“Girls Like Us” Reviewed in London Grip
"Who or what, exactly, are “girls like us”?" Asks Charles Rammelkamp in his review of Hazen's latest collection for London Grip
An excerpt from the review
“Girls like us” are filled with doubt. (“The Bereaved” includes the lines, ‘It was doubt // that first defined existence. Time itself / makes no assertion.’) They struggle for a sense of purpose, crave validation in love, seek a true impression of their character. The thing is, aren’t we all like that? Hazen’s poems root out a core impulse and yearning common to so many of us, in our most secret self-assessments – in dreams, where we can no longer hide from ourselves, as if poking a sensitive tooth with the tongue to feel the pain.
The child’s game of Hide and Seek is a metaphor that recurs in these poems. The vulnerability of being alone in bed also recurs as an image, when you are face to face with your doubts (“After He Calls Me a Low-Hanging Fruit,” “Monster,” “”Taps, August 1984,” “Free Fall,” “Dream”). To sum up, the poem “Just Things” ends,
The universe is riddled with fists false logic, eggshells, viscera, regret. Am I forgiven? Will you answer that? Can anyone tell me what I’m meant to do?
But Hazen is also playful and subtle in exploring these themes of savagery and exposure. The very first poem, “Devices,” is a lesson in prosody whose illustrations make their point. “Rhyme relies on repetition:” the poem begins, ‘pink drink / big wig, tramp stamp, rank skank.’ Alliteration, metaphor, assonance (‘hot bod, dumb slut, frigid bitch.’), all illustrated with these demeaning phrases. Metonymy, synecdoche, which ‘reduces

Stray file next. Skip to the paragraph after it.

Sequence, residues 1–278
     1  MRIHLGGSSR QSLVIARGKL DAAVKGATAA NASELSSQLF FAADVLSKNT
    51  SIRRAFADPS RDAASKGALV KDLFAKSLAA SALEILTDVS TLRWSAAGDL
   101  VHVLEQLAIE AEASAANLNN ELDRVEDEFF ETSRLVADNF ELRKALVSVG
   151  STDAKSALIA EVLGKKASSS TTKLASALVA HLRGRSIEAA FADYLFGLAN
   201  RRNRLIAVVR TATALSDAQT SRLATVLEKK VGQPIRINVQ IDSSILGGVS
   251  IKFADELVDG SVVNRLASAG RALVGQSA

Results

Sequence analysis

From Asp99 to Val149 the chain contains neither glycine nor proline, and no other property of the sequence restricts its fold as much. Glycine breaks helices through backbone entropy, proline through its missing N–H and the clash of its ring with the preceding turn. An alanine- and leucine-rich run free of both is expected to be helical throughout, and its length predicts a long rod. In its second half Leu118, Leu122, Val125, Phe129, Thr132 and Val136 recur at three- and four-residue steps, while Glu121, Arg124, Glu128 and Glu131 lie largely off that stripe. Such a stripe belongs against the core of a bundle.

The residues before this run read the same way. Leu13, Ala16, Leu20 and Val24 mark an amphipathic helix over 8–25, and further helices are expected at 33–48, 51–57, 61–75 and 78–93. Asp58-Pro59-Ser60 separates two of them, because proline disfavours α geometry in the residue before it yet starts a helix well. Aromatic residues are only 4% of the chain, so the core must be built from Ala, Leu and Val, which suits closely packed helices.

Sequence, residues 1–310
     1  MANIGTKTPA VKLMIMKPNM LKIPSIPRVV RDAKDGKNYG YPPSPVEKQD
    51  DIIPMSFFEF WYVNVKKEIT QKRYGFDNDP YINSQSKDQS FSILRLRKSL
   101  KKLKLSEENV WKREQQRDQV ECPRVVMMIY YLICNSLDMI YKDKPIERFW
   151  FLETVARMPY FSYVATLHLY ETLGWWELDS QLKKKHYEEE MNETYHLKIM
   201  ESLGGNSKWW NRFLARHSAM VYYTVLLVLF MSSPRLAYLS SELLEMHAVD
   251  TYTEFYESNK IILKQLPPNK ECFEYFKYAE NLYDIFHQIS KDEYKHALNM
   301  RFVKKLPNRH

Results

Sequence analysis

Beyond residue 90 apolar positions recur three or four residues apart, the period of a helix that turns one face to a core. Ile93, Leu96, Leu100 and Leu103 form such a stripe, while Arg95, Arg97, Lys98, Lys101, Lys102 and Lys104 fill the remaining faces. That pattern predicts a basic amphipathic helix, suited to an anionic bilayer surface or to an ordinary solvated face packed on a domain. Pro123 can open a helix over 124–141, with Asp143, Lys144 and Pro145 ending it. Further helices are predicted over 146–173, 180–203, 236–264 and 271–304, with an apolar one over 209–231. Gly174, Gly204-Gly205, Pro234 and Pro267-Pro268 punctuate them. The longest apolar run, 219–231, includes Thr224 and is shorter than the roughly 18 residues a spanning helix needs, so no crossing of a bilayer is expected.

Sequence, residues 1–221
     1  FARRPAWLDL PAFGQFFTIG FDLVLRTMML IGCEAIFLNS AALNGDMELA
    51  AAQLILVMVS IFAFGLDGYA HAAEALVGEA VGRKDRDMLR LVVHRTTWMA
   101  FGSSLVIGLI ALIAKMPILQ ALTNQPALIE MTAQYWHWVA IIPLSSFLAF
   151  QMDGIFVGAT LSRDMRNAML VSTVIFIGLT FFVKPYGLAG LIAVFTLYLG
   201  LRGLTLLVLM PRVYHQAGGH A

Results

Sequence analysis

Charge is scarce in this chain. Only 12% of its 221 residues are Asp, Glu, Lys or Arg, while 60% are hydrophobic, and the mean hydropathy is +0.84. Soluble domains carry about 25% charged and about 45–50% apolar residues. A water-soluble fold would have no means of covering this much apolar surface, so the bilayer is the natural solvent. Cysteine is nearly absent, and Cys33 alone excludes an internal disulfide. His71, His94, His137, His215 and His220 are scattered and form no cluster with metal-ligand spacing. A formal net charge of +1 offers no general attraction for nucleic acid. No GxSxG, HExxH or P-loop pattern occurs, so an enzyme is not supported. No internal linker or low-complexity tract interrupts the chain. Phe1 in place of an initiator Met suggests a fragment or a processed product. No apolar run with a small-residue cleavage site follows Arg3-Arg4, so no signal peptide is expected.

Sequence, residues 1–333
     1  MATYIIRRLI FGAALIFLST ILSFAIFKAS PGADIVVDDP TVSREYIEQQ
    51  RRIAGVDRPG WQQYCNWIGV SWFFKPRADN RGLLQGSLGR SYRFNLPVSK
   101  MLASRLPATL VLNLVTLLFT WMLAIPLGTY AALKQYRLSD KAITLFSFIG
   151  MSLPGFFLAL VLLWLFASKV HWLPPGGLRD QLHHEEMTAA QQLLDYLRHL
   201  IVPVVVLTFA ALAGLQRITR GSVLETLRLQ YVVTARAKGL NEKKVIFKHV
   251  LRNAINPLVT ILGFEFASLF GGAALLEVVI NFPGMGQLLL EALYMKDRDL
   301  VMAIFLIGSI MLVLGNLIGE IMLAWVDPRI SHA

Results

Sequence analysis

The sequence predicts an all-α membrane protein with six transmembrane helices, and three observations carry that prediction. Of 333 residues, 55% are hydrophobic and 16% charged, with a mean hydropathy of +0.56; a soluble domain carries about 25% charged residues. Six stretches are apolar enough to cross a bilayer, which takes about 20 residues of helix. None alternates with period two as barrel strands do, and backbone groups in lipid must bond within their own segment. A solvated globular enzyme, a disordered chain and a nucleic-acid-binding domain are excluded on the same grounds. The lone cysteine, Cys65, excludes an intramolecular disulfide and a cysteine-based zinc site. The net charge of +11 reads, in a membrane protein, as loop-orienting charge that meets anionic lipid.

a thing to a single part: he wants pussy, by which we must infer he wants a woman. We’ve been called so many things that we are not, we startle at the sound of our own names.
Other poems likewise have an almost roguish tone while exploring violent images. “Scene from a Horror Movie” describes a ruthless killer attacking a partly naked woman, but we understand all along that this isn’t “real.” The poem ends, ‘A gasp like hard candy / catches in my throat.’ The sonnet entitled “Why I Love Zombie Woman #6” also presents an almost balletic description of violence, from the movies. We know from the title that this is an inconsequential extra in a B film, but Hazen raises her to heroic levels. Why does she love this character?
Because when she lies in pieces, inside out, she will not know regret, or shame, or doubt.
Most of the poems in Girls Like Us are written in short, two- or three-line stanzas, which emphasize the spare, elemental quality of Hazen’s work. Sometimes they are written in rhyming couplets (“Addict”) or follow other rhyme schemes (“Alignment” – ABBA) which also tends to accentuate their direct, artful messages. In other words, there’s not a lot of clutter. She gets right to the point, the heart of the matter. And there is indeed a great deal of heart to the matter.
Elizabeth Hazen's collections Girls Like Us and Chaos Theories are now available in a special bundle . Get both collections for the price of only one. Offer ends March 15th.